Pray, hope, and don't worry

Pray, hope, and don’t worry.

This Thursday, September 23, the Church remembers a most extraordinary saint, Pio of Pietrelcina, otherwise known as Padre Pio.  Even as a child, Padre Pio had remarkable spiritual experiences; it is said he conversed regularly with his guardian angel, the Blessed Mother, and Jesus!  There are many astounding miracles attributed to Padre Pio, including healings and prophecy. He was also able to read the souls of penitents who would come to him for confession.  If they omitted a sin, he would remind them of it! Although he never left his monastery, San Giovanni Rotondo, through the spiritual gift of bilocation,  he would frequently appear at the deathbed of his “spiritual children” with whom he corresponded. Most remarkable of all, he was the first priest to have borne the wounds of Christ in his hands, feet, and side -- the stigmata, as a sign of his profound union with Christ.

Even though Padre Pio is a relatively modern saint (born 1887, died 1968 ) we might find ourselves thinking that we cannot possibly have anything in common with this man and his mystical experiences.  Despite his profound spiritual life, Padre Pio inhabited a world not altogether unlike our own.  He lived through the Spanish flu epidemic, World War I and World War II.  He experienced physical ailments and chronic pain.  And he loved God and His people deeply. Despite hardships, he remained completely and utterly devoted to Christ and to serving God and His people in a way that demonstrated supernatural physical resilience and an unwavering faith. 

So, I do believe we can connect with Padre Pio.  We may not be able to bilocate, but we can sacrifice for our fellow man.  I may not have the gift of healing, but I can offer the love of Christ to the students I encounter daily. Our teachers do not read souls, but they do see the hearts of their students and answer those needs.  Inspired by Padre Pio, we can serve God and one another and be channels of Grace in the world.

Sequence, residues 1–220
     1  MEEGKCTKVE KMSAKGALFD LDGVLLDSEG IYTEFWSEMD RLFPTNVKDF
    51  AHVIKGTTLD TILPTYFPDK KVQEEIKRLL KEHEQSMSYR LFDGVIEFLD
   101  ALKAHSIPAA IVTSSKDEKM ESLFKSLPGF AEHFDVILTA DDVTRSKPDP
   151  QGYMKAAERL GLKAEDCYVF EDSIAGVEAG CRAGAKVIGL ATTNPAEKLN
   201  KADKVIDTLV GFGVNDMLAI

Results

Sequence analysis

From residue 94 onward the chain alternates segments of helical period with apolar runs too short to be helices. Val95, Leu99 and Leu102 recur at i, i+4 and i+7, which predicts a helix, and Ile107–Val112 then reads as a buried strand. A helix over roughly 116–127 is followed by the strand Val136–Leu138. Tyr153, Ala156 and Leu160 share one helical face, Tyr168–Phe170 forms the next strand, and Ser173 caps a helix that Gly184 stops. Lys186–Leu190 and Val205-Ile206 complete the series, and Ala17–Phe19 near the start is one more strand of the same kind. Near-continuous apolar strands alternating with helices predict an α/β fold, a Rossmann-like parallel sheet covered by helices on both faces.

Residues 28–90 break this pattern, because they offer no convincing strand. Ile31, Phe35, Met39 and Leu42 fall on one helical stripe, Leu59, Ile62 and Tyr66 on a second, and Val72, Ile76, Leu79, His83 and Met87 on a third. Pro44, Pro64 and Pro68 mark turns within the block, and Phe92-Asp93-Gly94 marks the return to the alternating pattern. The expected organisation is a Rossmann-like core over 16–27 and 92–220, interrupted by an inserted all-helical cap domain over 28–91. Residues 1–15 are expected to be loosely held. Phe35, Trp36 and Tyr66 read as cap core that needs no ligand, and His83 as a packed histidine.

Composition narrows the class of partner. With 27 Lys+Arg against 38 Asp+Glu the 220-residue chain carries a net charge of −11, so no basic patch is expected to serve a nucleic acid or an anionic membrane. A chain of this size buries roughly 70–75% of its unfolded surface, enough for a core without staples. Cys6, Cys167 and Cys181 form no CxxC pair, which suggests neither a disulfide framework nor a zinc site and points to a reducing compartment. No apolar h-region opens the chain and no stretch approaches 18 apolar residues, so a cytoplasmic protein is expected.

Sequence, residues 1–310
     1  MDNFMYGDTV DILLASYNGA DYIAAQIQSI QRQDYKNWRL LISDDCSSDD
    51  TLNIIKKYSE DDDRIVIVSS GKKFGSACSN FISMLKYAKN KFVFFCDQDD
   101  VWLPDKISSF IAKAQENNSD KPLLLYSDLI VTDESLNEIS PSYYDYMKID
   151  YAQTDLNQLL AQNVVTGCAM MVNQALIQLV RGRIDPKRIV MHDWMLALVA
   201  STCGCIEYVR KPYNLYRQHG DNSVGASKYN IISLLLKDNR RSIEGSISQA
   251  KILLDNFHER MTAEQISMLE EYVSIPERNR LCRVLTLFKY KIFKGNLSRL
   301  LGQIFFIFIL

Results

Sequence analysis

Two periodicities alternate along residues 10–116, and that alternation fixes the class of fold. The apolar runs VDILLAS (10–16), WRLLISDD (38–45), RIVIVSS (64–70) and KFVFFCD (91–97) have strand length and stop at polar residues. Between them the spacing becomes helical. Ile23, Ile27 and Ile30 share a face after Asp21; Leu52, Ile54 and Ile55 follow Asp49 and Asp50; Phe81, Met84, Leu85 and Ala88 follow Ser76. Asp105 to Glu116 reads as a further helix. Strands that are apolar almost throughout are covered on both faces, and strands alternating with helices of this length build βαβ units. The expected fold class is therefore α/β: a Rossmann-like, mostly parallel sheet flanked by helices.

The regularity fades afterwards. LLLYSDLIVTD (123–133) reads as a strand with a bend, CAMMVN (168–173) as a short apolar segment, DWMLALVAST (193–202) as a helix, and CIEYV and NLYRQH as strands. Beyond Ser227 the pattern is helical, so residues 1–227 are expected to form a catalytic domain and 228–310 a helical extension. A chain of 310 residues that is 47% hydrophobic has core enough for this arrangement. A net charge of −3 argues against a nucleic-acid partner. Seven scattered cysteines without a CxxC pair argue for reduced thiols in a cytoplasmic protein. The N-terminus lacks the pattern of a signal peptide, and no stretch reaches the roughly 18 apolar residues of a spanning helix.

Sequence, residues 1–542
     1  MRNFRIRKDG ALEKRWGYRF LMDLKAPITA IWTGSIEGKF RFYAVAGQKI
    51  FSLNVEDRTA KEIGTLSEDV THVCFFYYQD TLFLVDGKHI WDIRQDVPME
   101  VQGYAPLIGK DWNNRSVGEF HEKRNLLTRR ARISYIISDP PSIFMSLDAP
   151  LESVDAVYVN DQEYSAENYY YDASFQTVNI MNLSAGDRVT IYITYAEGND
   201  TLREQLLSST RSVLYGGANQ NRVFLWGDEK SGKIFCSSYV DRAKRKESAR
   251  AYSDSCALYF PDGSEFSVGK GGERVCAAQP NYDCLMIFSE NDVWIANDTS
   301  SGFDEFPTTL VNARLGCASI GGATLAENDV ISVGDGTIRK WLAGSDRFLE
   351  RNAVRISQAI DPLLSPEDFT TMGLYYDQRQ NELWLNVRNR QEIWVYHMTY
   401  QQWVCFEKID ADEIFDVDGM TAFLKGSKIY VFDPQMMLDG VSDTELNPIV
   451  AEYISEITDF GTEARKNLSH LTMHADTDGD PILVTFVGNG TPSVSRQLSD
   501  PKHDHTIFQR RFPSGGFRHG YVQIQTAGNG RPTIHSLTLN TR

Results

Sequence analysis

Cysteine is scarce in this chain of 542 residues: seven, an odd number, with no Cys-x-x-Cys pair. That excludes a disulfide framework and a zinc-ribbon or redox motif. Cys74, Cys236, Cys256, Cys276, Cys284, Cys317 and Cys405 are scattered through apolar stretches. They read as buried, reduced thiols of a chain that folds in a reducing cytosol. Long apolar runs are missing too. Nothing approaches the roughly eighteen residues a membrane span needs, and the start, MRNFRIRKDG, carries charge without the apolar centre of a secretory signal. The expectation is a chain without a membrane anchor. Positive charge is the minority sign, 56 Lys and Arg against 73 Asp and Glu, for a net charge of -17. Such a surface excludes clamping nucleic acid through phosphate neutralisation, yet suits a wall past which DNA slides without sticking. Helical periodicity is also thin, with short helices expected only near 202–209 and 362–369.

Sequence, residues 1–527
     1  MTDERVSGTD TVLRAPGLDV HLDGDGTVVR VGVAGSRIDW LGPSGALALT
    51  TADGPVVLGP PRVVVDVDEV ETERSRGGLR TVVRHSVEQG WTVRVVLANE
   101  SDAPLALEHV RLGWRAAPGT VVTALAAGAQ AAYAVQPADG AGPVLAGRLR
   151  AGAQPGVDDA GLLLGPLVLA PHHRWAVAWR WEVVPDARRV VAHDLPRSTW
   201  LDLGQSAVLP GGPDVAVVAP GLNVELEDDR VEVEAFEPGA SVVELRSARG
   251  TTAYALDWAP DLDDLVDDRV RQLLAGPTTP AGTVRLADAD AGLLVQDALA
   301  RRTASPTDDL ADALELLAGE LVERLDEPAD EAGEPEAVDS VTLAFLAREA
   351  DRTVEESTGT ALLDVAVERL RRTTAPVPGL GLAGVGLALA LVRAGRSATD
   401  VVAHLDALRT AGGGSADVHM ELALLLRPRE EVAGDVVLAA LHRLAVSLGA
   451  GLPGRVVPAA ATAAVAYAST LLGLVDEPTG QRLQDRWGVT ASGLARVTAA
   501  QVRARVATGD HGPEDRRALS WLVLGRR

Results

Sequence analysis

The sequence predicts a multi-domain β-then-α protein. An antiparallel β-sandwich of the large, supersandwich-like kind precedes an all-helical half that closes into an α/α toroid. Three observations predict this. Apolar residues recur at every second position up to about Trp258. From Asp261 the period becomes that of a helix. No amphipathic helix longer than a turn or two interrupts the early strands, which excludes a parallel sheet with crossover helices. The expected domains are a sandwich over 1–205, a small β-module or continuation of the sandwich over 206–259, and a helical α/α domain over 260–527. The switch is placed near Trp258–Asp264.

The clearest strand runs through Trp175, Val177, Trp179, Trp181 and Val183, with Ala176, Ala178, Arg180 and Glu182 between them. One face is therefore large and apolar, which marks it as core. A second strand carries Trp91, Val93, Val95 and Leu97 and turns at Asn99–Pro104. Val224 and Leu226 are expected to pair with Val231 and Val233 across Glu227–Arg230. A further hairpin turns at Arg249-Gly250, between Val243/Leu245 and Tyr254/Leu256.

He has also left behind a treasury of wisdom.  He once said, “The world could survive more easily without the sun than it could without the Mass.”  Truly the Mass is the source of light and hope here on campus.  Watching over 200 students file into the gym to unite in worship of God is incredibly moving.  

He also advises us according to the following words:

  • Don’t spend your energies on things that generate worry, anxiety and anguish.  Only one thing is necessary: Lift up your spirit and love God.

  • Don’t allow any sadness to dwell in your soul, for sadness prevents the Holy Spirit from working freely.

  • Love our Lady and make her loved.  Always recite the Rosary and recite it as often as possible.

During challenging times, I often find myself reflecting on this, my favorite quote of  Padre Pio, “Pray, hope, and don’t worry.  Worry is useless. God is merciful and will hear your prayer.” 

Worry is useless -- short words, and easy to say, but difficult to put into practice. 

However, when I do follow this sage advice, I am amazed to step back and watch God work, placing roadblocks where he doesn’t want us to go, putting solutions in motion even before the problem has fully presented itself, and always drawing us closer to Him in all things.

We have much more in common with the saints than it might appear at first glance.  They inspire us to greater holiness in this life, and will be our companions in the next.

Padre Pio, pray for us!

- Lisa Sweet, Academic Dean